Food Inc., Food Links - from the movie to how we eat

Thanks to Edible Boston for the opportunity to attend the screening of the new documentary "Food Inc."

Food Inc. or What's Wrong with our McFood Systems

The movie represents more than six years of Robert Kenney's life, it represents much of what's wrong with our current food production and distribution systems. From Supreme Court Justice Clarence Thomas and others at very high levels in the FDA and elsewhere, many of them former lobbyists for the top agricultural multinationals, like the poor chicken farmers harassed by Tyson Foods into refusing Kenner's crew access to film his chickens - so much is broke with our food systems it's easy to despair. But the film is not about despair. It's about showing the state of things, providing an alternative to ponder (self described "lunatic farmer" Joel Salatin of Polyface Farms) and about reminding us that we have choices to make each day, each meal. It asks us to consider the consequences of ignoring the true costs that get passed on so we can eat cheap food. And hopefully not get too sick from it, or die.

My main concern with the film is that it will show to theater after theater of people like my counterparts last night - mostly folks who already know about these issues, mostly folks who avoid big box groceries, mostly folks who shop from local farmers markets. Preaching to the choir has seldom produced new converts.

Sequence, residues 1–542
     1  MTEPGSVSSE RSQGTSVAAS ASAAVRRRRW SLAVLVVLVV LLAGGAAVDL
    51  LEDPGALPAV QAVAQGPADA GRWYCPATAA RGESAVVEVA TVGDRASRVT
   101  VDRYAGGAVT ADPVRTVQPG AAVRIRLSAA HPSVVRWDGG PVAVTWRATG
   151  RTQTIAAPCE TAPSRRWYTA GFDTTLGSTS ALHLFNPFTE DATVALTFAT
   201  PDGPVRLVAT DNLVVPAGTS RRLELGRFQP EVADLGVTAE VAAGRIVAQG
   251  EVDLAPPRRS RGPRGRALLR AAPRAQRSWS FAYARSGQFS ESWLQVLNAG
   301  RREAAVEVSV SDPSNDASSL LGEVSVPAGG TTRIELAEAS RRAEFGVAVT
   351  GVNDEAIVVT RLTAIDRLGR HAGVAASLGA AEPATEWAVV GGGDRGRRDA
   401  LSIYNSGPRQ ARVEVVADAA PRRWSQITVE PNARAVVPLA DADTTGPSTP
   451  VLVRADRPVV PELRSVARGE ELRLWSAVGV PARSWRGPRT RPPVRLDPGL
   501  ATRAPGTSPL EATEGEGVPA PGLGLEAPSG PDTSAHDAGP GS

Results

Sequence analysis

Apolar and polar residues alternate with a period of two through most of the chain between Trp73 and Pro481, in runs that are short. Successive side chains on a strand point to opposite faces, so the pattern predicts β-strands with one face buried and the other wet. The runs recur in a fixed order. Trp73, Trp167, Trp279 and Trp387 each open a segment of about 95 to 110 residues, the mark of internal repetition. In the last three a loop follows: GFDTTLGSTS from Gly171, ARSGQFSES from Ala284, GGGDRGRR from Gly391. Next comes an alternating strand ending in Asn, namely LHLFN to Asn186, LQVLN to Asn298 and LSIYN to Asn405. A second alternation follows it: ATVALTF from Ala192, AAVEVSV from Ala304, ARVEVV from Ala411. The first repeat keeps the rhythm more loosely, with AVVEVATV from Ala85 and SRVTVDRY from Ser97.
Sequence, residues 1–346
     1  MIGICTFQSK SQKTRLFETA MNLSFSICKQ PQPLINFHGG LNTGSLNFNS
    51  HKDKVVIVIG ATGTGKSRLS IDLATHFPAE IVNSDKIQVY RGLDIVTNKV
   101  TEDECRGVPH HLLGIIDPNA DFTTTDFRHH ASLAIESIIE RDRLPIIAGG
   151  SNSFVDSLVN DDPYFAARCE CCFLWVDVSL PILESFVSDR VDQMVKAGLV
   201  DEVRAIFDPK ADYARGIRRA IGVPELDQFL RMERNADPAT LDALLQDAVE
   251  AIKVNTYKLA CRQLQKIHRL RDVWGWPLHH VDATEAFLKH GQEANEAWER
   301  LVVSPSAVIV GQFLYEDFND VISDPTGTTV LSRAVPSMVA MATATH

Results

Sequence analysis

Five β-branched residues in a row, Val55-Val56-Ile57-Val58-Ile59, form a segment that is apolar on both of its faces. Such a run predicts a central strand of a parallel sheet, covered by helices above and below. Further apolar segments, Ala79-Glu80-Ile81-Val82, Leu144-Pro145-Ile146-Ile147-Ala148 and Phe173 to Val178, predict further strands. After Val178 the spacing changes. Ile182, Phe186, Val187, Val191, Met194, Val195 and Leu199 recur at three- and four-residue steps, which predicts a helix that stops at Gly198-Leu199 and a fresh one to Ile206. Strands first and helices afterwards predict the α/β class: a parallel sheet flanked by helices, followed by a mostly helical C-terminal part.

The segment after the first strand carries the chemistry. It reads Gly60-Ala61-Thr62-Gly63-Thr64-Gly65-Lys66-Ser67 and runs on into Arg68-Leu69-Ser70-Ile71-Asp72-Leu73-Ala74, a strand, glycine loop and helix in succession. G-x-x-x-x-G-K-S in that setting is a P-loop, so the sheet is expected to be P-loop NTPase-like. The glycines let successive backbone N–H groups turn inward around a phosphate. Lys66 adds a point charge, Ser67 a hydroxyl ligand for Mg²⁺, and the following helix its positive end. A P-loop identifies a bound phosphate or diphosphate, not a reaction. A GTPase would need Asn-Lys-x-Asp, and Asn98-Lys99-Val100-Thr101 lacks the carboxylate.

My fantasy is that the film could be screened in schools, we've got to get kids before they're set in their habits. One of the most deficient aspects of our food health and safety is our school lunch program. For a good overview of how the inmates are running the asylum and how the asylum is rewarded for perpetuating that insanity, see J. Kenji Alt's, The Problem with School Lunch.

Three types of Sustainability - Environmental, Economic, and Social

In Casson Trenor's Sustainable Sushi, he does a fine job of summarizing the three types of sustainability, noting that his book focuses on Environmental issues. We have overfished so many species that we are approaching extinction for many species. Our ability to enjoy sushi will one day be affected by more than guilt. We are rapidly eating Bluefin Tuna to extinction, for example. 

The other types of sustainability: Economic and Social are sadly, easier to ignore. At least they were before Food Inc. was released. The fatalities from such crimes as the e.coli contamination were anonymous, they happened to "someone" out "there". Now I know Barbara Kowalcyk's face and am aware of her loss. Because her child did something as innocent as eat a hamburger on a family vacation. It is tragic because it could have been avoided, both from better cattle production and from better accountability (it was later discovered that the e.coli laced burger was traceable to a plant whose beef had already been recalled due to contamination, days before Kevin Kowalcyk ate his).